Foo Fighters

"Echoes, Silence, Patience, & Grace" (RCA) - 3 1/2 stars

In a bold break with their own tradition of high-powered guitar riffs and earth-shaking drums, Grammy winning rockers the Foo Fighters, led by Dave Grohl, offer a mellower, more sophisticated type of rock with their seventh album “Echoes, Silence, Patience & Grace.” The result, although not always straight-ahead, still rocks.

“Echoes” follows in the footsteps of earlier Foo Fighter albums, yet stands out for its sophistication and control. Starting off with a few mediocre hard-drivers, the album takes a while to hit its stride, but once it does, it shows why the Foo Fighters have attained such popularity.

The album opens with the single “The Pretender,” a tired tirade against the fake and phony. The disdainful chorus declares: “What if I say I’m not like the others? / What if I say I’m not just another one of your plays? / You’re the pretender / What if I say I’ll never surrender?” While the message comes across loud and clear, the song comes off as loud and unoriginal, and Grohl’s yelling during the chorus makes it almost unbearable.

The next couple of tracks are similarly grating, but the album’s fourth song, “The Long Road to Ruin,” sets it on a long road to success. “The Long Road to Ruin” stands out as the best rock song on the album and evokes earlier hits like “Learn to Fly” and “Monkey Wrench.” It starts slowly but soon picks up, going on to boldly propose: “Let’s say we take this town / No king or queen of any state / Get up to shut it down / Open the streets and raise the gates.” The song marks a return to what the Foo Fighters are best at: producing songs with smooth chord progressions and catchy choruses.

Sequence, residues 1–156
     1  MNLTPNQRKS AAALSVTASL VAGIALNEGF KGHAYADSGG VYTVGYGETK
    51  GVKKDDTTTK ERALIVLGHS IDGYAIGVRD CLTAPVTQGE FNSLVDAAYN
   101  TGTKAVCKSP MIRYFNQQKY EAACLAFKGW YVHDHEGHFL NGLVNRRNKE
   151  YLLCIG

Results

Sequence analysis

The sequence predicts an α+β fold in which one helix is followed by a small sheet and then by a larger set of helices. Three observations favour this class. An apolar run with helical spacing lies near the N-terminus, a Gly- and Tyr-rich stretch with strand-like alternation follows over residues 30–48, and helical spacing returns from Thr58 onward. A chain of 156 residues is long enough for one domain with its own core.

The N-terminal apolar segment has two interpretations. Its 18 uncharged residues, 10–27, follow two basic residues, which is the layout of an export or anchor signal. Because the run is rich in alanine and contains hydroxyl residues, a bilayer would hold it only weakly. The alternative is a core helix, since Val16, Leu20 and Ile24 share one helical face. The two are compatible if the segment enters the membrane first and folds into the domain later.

As the album progresses, Grohl slows the tempo and lowers the volume, and the album comes together. With songs like “Cheer Up, Boys (Your Make Up Is Running)” and “Summer’s End,” the album is more subdued and sophisticated than other Foo Fighters offerings, yet the change is welcome.

Just when the album’s direction seems clear, the Foo Fighters throw the listener off with “The Ballad of Beaconsfield Miners,” a guitar-picking instrumental written in collaboration with young guitar guru Kaki King. At first, the ballad is shocking from a band that normally prides itself on gassed-up guitars and pounding drums, but once the listener gets over the shock, the ballad adds a great original touch to the album. The Foo Fighters softly close the album with the gentle piano melody of “Home,” which finds Grohl lamenting the passage of time.

With “Echoes,” the Foo Fighters definitively depart from their earlier style of guitar-heavy rock. But the evolution reveals a more sophisticated side of the band; thankfully, Grohl and company have learned that good rock doesn’t always have to go all out.


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